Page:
Picture this. Your phone is ringing from the kitchen. You’re halfway down the stairs carrying yet another load of washing in the overflowing wash basket. The edge of the basket is digging into your hip and you remember the ironing from yesterday's load is still sitting on the table waiting for a hot iron to be run over it. Your phone is still ringing and as you walk down the stairs, which you notice needs yet another vacuuming, you stand on a Lightening McQueen car which instantly roars loudly under your foot and you just about catch yourself. Your phone’s still ringing, the car is still groaning, and your blood pressure is rising. The dirty clothes bounce down the stairs with the basket as you lunge it down the last few steps and you give up, kicking Lightening McQueen to land on top of the pile of clothes.
Sound familiar or even relatable?
I’d like to say this is an unbelievable setup, but I think we’ve all been there to some extent or another as the to-do list grows, time diminishes, and stress rises as we add and add, stack and stack. In this scenario, the toy car was the last straw, and became the trigger in which stress took over. This is called trigger stacking and is something we have all experienced.
What is Stacking?
Our lives are incredibly busy. Between caring for our children, maintaining the house, planning, organising, and living, we have an enormous amount on our plates. When we attempt to get too much done all at once, we’re at risk of letting everything fall but even worse, we’re welcoming stress and anxiety with open arms.
We all have our triggers when it comes to the daily grind of getting things finished. For some it’s the dusting which never seems to be done, or the gardening with fast growing weeds, or like me, it’s the laundry and the endless conveyor belt of clean, dirty, clean, dirty clothes.
When we add and add and add to the list, we run the potential of stacking one problem on top of another and another and another until there’s a moment when we simply can’t take it anymore.
This is stacking and it’s not very helpful!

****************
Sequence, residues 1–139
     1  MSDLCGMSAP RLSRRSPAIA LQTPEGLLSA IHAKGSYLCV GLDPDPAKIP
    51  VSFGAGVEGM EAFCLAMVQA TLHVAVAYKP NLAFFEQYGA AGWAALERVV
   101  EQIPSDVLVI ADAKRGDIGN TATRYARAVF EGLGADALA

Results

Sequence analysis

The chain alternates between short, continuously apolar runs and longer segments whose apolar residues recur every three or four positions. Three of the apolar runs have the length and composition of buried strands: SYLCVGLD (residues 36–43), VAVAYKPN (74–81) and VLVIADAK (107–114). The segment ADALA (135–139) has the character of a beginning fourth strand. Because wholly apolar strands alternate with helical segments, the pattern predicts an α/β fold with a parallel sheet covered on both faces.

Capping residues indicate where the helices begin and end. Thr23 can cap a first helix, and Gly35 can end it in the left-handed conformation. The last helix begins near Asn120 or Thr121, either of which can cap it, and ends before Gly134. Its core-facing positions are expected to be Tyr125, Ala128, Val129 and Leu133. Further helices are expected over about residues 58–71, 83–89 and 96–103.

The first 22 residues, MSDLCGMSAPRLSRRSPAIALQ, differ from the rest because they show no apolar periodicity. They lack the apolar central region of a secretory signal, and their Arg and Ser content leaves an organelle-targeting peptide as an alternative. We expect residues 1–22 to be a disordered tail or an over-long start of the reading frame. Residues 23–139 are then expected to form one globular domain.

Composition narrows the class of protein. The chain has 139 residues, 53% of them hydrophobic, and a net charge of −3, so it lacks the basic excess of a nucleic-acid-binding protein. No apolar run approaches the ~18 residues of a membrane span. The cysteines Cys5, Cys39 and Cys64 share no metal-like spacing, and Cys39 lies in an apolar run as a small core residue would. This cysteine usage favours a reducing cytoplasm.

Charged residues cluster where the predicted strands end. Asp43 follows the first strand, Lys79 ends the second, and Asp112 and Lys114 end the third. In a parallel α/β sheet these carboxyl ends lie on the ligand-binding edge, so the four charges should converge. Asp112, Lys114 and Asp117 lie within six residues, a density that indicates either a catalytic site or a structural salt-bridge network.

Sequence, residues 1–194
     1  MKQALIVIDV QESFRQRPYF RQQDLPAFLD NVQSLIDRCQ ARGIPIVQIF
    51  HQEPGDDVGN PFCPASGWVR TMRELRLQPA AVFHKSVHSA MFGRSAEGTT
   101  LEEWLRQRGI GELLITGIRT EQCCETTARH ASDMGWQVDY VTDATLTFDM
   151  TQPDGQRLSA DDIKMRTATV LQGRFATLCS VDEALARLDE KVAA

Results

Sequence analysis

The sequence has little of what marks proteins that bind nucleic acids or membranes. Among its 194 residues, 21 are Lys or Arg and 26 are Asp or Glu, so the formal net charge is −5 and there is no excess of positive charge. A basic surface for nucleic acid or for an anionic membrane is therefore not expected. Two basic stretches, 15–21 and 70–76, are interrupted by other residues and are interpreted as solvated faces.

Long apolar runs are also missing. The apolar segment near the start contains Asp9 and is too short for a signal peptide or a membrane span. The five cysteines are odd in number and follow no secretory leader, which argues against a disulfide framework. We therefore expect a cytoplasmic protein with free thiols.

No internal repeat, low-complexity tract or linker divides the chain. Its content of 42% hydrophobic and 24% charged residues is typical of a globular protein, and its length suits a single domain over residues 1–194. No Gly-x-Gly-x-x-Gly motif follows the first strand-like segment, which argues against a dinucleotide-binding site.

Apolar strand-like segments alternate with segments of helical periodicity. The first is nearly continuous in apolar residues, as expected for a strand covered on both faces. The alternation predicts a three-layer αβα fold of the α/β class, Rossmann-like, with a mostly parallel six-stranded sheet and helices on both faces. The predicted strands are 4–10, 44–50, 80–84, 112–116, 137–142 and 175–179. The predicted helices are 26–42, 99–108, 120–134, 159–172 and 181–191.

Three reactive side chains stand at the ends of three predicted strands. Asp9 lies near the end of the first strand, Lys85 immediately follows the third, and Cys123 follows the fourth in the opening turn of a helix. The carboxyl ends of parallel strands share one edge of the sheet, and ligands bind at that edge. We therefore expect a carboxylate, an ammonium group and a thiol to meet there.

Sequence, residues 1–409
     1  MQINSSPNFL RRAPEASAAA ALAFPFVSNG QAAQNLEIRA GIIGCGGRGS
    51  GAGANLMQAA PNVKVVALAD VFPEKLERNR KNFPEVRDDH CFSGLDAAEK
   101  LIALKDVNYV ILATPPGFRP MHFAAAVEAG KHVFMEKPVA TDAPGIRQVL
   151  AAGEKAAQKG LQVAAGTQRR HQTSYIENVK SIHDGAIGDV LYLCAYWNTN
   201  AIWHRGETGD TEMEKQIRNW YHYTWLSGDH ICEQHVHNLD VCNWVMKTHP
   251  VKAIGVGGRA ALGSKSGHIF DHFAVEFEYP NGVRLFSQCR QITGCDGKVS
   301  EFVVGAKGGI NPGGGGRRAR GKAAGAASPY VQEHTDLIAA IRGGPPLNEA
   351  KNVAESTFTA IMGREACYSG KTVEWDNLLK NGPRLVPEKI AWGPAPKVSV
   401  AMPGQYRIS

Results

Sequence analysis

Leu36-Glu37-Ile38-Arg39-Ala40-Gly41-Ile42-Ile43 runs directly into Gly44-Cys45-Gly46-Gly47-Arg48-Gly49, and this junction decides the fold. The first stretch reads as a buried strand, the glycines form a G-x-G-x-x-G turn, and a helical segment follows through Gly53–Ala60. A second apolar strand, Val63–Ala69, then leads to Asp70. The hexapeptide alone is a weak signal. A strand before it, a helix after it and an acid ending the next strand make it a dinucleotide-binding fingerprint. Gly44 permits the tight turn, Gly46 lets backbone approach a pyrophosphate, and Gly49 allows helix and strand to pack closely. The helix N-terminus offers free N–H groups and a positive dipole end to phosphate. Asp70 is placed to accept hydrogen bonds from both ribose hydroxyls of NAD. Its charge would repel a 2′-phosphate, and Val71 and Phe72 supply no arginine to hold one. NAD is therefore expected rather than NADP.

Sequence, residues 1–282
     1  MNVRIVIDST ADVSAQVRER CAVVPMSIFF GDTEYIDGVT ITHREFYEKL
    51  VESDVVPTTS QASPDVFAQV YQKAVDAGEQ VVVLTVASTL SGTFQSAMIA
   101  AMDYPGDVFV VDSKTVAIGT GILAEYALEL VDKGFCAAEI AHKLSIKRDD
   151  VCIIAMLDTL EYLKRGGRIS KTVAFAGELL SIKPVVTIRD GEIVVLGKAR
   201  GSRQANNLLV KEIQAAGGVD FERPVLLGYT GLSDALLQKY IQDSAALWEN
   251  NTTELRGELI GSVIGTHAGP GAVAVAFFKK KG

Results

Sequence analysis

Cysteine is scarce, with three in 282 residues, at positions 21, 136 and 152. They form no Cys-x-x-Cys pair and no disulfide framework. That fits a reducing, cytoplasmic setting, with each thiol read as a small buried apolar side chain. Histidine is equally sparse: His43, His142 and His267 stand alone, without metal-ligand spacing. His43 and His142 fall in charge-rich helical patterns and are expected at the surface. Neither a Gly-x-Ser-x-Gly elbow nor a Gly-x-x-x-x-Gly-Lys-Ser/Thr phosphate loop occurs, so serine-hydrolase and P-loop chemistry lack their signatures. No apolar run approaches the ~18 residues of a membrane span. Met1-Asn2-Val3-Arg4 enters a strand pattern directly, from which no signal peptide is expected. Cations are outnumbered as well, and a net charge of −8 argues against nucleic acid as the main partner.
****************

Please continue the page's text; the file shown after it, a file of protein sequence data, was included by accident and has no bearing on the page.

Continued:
What Happens When We Stack?
We react badly. The overwhelm takes over and we’re unable to consciously and reasonably see through the fog of everything which needs doing. When our triggers hit us, in a noticeably short amount of time we become stressed out, anxious, overwhelmed and find we are not in a good place to manage even one task well.
This level of stress is often triggered by something quite small. In our scenario above, the trigger is the toy car but because you’re already stressed about the laundry and the ironing, everything else implodes and your reaction to vault the laundry to the end of the stairs in a wonderfully dramatic manner means your mood and your ability to manage any task is negatively affected. Again, not helpful at all.
How to Avoid Stacking
We all have our stressors and it’s a good thing to identify what yours are. Even better, we should take note of the more subtle elements of life which can act as a trigger as we unknowingly stack. By making our stressors smaller and avoiding our triggers we set ourselves up for a good day. In many ways, if we also solely focus on our trigger we are avoiding it from toppling over the to-do list. For instance, if we spend a few days focusing on the one thing which habitually triggers us into a bad mood, like the laundry, and forget about everything else which needs doing, like vacuuming the stairs, we eliminate that task as a trigger and we can finish that task with little to no stress.
By recognising our triggers, we can turn the table on them and release their ability to act as something which can spark anxiety or stress. Like most things in life, how we react to certain things will have a big impact on how we manage and cope with them.
We’ve talked before about the importance of having realistic expectations about what we can and can’t do in a day or a week. Even in a solitary moment. With so much on our to-do list, it can feel impossible to avoid overloading ourselves but picking one thing to focus on at a time is a pretty important step to steer ourselves away from being overwhelmed.
If you find yourself stacking and losing the ability to manage, figure out what those one or two things are which end up being too heavy with the potential to bring the whole load down. We can overcome our triggers and stressors by taking control of them.